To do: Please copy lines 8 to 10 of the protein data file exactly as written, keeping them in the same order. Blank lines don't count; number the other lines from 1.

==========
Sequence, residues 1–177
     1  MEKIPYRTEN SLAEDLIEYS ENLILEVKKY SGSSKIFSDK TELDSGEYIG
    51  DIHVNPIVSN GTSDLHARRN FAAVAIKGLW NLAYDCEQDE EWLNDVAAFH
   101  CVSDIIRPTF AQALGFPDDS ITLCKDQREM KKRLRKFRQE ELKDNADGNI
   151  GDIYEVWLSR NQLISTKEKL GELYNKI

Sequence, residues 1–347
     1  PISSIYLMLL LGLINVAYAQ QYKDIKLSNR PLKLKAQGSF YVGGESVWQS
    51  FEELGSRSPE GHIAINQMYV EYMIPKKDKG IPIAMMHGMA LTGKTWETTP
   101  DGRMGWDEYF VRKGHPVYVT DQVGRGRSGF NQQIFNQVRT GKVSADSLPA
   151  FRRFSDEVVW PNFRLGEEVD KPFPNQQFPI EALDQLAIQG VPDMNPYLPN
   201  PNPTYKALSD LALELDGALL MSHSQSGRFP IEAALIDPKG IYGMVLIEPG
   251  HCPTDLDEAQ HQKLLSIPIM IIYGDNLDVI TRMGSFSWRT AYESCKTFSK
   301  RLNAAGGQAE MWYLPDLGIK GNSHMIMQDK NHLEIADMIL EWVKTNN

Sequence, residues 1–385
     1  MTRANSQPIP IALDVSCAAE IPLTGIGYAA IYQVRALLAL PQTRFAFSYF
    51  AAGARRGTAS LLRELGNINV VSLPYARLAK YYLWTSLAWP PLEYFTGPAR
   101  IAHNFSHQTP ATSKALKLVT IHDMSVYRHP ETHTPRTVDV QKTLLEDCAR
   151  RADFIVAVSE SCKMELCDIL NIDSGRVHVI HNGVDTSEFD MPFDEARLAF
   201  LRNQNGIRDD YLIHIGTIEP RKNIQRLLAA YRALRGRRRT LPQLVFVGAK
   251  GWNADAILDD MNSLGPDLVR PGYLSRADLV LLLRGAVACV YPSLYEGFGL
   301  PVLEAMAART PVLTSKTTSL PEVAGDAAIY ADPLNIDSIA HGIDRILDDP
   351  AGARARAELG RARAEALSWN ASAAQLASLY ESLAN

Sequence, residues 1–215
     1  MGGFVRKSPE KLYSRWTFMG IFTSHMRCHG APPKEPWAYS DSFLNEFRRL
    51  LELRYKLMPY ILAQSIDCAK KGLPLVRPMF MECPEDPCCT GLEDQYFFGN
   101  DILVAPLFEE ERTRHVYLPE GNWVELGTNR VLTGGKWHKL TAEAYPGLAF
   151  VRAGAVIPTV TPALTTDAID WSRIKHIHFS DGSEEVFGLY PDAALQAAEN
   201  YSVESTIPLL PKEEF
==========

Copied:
    51  FEELGSRSPE GHIAINQMYV EYMIPKKDKG IPIAMMHGMA LTGKTWETTP
   101  DGRMGWDEYF VRKGHPVYVT DQVGRGRSGF NQQIFNQVRT GKVSADSLPA
   151  FRRFSDEVVW PNFRLGEEVD KPFPNQQFPI EALDQLAIQG VPDMNPYLPN